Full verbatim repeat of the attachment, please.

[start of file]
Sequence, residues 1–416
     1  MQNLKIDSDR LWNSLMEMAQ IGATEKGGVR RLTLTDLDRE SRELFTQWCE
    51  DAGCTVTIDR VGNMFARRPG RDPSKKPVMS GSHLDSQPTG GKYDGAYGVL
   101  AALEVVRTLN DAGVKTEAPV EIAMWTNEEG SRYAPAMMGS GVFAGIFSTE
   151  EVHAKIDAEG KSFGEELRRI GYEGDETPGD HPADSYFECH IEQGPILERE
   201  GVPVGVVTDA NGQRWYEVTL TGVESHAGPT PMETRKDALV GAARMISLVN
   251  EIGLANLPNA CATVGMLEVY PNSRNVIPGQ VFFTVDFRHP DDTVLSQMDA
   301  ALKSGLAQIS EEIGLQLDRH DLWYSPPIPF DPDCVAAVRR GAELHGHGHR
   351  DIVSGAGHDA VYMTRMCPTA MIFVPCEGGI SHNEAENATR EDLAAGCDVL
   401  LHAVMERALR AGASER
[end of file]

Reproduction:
Sequence, residues 1–416
     1  MQNLKIDSDR LWNSLMEMAQ IGATEKGGVR RLTLTDLDRE SRELFTQWCE
    51  DAGCTVTIDR VGNMFARRPG RDPSKKPVMS GSHLDSQPTG GKYDGAYGVL
   101  AALEVVRTLN DAGVKTEAPV EIAMWTNEEG SRYAPAMMGS GVFAGIFSTE
   151  EVHAKIDAEG KSFGEELRRI GYEGDETPGD HPADSYFECH IEQGPILERE
   201  GVPVGVVTDA NGQRWYEVTL TGVESHAGPT PMETRKDALV GAARMISLVN
   251  EIGLANLPNA CATVGMLEVY PNSRNVIPGQ VFFTVDFRHP DDTVLSQMDA
   301  ALKSGLAQIS EEIGLQLDRH DLWYSPPIPF DPDCVAAVRR GAELHGHGHR
   351  DIVSGAGHDA VYMTRMCPTA MIFVPCEGGI SHNEAENATR EDLAAGCDVL
   401  LHAVMERALR AGASER